Talinda, what were you thinking when you saw the Kevin Lyman machine in action?
BENNINGTON: Awe. Just still to this day to this very moment, still in awe of Kevin and his team and how everything came together. It was unreal to see this idea come to life and be executed with such finesse and such grace. And I’m just in awe. I had faith in Kevin. He’s the founder of Warped Tour. What’s cooler than that? That festival’s been brilliantly executed for two decades. You’ve got to stay in your lane. It was great to have Kevin on board and do what he does best.
What are you looking forward to at the end of May 10 after the whole event is over?
BENNINGTON: Gosh, so many things. I want to know how my team feels, if they were happy with everything, if it was a good experience, if all the participants are happy with how it came out. And to hear back from the viewers, to see how they liked it, how it reached them. I’m really looking forward to that.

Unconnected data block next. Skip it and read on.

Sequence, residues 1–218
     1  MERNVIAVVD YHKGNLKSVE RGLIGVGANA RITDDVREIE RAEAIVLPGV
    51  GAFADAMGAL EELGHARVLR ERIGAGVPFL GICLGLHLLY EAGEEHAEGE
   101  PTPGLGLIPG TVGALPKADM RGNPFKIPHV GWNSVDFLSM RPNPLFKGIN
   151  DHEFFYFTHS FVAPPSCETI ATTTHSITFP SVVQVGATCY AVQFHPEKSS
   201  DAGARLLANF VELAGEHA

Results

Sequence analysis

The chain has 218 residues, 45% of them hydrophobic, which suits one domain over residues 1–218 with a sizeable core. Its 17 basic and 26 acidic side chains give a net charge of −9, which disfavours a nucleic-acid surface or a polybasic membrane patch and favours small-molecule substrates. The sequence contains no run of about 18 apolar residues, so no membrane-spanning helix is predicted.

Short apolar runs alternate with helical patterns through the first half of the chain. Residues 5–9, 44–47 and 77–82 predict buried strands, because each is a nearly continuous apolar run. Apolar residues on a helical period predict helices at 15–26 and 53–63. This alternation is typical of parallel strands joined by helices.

LYMAN: Hopefully maybe five years, 10 years down the road, I’m somewhere by a lake. Someone will walk up to me and say, “You know what? That event helped me save my life.” That’s not short term; that’s long term. Short term for 320 Festival? Maybe someone’s willing to pick up the phone. Someone may realize they can get help, or maybe someone is listening to make their life a little better. And you’ll never know. But if it affects one person, we did our job. Because we’ve lost too many people that we all know.
The 320 Festival begins Friday, May 8 and will be streaming for free on Facebook Live, YouTube Live and Twitter. You can also tune in via KNEKT Network on Roku and Apple TV. To stay up to date with #320Festival, RSVP here.
Daily performance schedules are HERE! 🎶 Watch your favorite artists perform at the #320Festival May 8-10!
📺 Streaming for free on Facebook Live, Youtube Live
🎥 KNEKT Network on Roku + AppleTV
— 320 Festival (@320festival) May 6, 2020